Google Backlink Penalties — You’re Out
Google Backlink Penalties — The Way Back
SEMrush on Tuesday released research identifying the top 10 reasons that Google penalizes a site for unnatural inbound links and the combinations that might prompt higher frequency. For each of these reasons, SEMrush calculated the frequency, tips on how to avoid penalties, and how to recover from it.
Sponsored or paid links have the highest rate at 53%, followed by guest posts and press releases at 45%, private blog networks and link networks at 27%, user-generated spam at 16%, web directories at 16%, pure spam at 14%, direct ads and affiliate links at 10%, business directories and bookmarking sites at 10%, links in widgets at 7% and hidden links at 4%.
The research is based on more than 830 backlinks. Case frequency represents the net share of each penalty among all of the backlinks covered. One backlink could get a penalty for multiple violations of the Google Webmaster Guidelines, according to SEMrush.
A penalty from the Google Spam Team is a manual measure for violating Google’s Webmaster guidelines, resulting in the organic visibility of a website to rapidly fall, explains Elena Terenteva, product market manager at SEMrush, in the research.
The goals were to spot factors and correlations that trigger penalties, identify how frequently each penalty occurs, use the company’s Backlink Audit algorithm to test when assessing backlink profiles and labeling as toxic, improve the tool to provide the best way to tackle Google penalties and avoid them, and create a step-by-step guide that will help marketers and their websites recover from Google penalties and build a strong backlink.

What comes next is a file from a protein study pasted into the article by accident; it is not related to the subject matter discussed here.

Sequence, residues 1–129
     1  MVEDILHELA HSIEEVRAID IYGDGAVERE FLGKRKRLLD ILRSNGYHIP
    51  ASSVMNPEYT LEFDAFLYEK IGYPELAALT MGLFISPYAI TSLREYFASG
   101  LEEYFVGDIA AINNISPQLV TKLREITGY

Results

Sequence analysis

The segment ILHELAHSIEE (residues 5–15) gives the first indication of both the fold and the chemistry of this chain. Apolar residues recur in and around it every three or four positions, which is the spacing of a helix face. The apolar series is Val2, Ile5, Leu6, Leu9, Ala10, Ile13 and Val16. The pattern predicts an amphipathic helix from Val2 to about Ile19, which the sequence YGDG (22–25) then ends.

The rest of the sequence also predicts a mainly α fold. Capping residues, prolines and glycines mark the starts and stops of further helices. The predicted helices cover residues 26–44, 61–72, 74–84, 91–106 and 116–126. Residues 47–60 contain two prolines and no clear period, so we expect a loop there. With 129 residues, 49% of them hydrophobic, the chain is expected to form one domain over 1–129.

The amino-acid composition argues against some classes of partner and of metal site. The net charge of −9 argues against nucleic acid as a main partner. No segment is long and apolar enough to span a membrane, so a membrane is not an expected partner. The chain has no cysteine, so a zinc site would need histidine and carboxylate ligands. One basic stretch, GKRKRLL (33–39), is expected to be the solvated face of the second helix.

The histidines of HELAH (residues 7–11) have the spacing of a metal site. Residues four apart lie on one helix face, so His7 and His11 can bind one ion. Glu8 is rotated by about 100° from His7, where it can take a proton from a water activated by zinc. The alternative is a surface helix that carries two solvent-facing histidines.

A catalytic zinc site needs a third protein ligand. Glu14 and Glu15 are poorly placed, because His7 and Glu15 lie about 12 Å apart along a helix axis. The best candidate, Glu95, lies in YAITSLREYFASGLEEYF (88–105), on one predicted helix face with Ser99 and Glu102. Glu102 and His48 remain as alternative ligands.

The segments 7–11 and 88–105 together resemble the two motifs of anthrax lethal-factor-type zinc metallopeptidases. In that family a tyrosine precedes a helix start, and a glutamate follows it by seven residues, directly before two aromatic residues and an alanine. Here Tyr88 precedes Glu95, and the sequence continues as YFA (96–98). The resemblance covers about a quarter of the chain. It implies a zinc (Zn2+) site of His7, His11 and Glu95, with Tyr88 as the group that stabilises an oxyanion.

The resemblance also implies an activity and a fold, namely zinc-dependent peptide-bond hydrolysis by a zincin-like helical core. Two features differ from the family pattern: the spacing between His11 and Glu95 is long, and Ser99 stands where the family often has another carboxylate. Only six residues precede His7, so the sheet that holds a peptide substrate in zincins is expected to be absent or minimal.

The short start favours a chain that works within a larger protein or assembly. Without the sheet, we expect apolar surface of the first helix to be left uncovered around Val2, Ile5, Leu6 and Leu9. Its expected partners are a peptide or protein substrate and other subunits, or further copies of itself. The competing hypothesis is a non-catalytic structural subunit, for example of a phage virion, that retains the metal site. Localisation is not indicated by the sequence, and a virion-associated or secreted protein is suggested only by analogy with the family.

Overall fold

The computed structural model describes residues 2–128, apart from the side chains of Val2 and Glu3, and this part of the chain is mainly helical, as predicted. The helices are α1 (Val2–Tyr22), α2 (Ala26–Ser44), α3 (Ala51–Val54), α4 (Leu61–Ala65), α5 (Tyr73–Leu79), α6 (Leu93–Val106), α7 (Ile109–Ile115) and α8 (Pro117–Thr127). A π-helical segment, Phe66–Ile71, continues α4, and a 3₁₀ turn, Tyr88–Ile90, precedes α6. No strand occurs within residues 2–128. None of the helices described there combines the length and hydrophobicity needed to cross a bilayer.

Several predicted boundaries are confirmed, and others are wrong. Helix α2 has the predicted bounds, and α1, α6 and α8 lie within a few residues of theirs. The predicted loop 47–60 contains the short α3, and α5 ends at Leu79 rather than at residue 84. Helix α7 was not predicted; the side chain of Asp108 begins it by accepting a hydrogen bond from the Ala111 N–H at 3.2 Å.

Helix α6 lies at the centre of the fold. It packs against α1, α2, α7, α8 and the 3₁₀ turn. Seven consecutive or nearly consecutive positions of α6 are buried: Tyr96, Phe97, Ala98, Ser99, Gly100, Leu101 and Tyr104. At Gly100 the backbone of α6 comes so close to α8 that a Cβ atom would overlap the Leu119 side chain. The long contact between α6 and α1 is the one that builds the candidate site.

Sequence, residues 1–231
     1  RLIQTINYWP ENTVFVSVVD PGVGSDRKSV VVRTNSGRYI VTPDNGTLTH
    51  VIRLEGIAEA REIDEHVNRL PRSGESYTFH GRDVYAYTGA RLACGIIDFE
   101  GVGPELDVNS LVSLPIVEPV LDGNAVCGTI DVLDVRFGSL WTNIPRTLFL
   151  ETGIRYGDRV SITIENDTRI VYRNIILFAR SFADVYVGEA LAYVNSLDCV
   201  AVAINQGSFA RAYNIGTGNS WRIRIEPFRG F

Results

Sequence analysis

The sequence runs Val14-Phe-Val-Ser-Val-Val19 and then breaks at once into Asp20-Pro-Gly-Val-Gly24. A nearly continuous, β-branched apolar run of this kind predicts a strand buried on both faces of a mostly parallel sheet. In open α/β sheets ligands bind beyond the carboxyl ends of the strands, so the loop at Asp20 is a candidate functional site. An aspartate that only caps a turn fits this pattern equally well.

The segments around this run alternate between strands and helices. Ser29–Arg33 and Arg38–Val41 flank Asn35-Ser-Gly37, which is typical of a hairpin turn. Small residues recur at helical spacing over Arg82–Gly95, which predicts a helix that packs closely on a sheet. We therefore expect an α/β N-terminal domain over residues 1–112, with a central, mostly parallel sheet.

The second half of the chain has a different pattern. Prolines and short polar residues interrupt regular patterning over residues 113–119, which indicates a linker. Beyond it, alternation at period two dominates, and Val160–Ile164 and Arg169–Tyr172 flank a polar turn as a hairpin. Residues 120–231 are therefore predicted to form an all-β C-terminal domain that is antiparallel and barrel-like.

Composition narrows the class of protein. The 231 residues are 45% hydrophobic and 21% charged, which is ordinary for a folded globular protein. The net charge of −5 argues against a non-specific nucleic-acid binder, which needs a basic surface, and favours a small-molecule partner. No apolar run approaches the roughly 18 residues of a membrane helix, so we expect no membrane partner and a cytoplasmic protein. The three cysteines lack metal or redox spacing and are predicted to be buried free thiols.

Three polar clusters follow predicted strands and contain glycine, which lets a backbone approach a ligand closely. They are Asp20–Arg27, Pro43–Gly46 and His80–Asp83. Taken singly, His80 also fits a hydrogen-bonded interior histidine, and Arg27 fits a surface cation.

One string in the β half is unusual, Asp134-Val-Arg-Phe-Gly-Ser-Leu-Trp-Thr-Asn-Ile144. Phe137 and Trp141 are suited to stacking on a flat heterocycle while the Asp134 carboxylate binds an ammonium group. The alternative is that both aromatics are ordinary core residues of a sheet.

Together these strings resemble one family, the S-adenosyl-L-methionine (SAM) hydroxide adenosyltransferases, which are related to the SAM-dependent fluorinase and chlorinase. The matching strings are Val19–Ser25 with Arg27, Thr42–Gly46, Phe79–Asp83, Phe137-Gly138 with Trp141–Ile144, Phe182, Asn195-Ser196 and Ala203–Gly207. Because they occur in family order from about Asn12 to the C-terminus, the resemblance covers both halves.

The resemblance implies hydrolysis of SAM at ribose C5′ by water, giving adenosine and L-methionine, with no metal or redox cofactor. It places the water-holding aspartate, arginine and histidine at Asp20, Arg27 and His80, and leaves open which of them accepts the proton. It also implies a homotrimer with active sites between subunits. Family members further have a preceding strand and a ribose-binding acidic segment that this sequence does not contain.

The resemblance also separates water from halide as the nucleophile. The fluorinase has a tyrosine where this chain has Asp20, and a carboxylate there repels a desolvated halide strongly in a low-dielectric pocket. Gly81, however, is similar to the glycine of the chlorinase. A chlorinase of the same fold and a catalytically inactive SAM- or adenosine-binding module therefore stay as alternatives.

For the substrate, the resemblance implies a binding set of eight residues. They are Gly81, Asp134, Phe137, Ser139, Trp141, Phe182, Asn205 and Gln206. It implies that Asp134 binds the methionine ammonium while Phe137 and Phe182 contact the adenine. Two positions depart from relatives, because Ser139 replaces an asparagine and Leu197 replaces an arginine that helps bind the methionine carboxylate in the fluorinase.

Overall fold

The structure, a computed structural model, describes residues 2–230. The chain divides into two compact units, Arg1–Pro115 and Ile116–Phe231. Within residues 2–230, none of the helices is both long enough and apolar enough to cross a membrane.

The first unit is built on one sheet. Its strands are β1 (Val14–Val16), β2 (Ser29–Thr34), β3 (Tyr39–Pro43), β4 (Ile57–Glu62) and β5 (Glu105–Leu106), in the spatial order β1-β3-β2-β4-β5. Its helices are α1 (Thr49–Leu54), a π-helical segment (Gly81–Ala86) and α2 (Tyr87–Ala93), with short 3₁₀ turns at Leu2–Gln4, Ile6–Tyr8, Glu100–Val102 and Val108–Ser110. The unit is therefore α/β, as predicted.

In many cases the combination of two or more types of manipulative behavior triggers penalties, but the combinations are not always obvious, which makes it difficult for SEO professionals and webmasters to detect the exact weakness.
The key findings suggest that Google may classify links even from trusted websites if they appear to be unnatural or paid. Websites and properties also get penalized more often than specific pages or sites. Nearly half of the cases have money anchors. And even very old inbound links can trigger penalties.
The most difficult part — removing the penalty and recovering from it — takes time. In fact it can take on average of between two and three reconsideration requests to remove a penalty.
It can take up to six months to lift an inbound link penalty. If marketers are careless cautious and impatient with filing reconsideration requests, it could simply extend the process. Stay calm and follow all the steps Google outlines, according to SEMrush.
The post also provides tips to avoid penalties and tips on getting a penalty removed.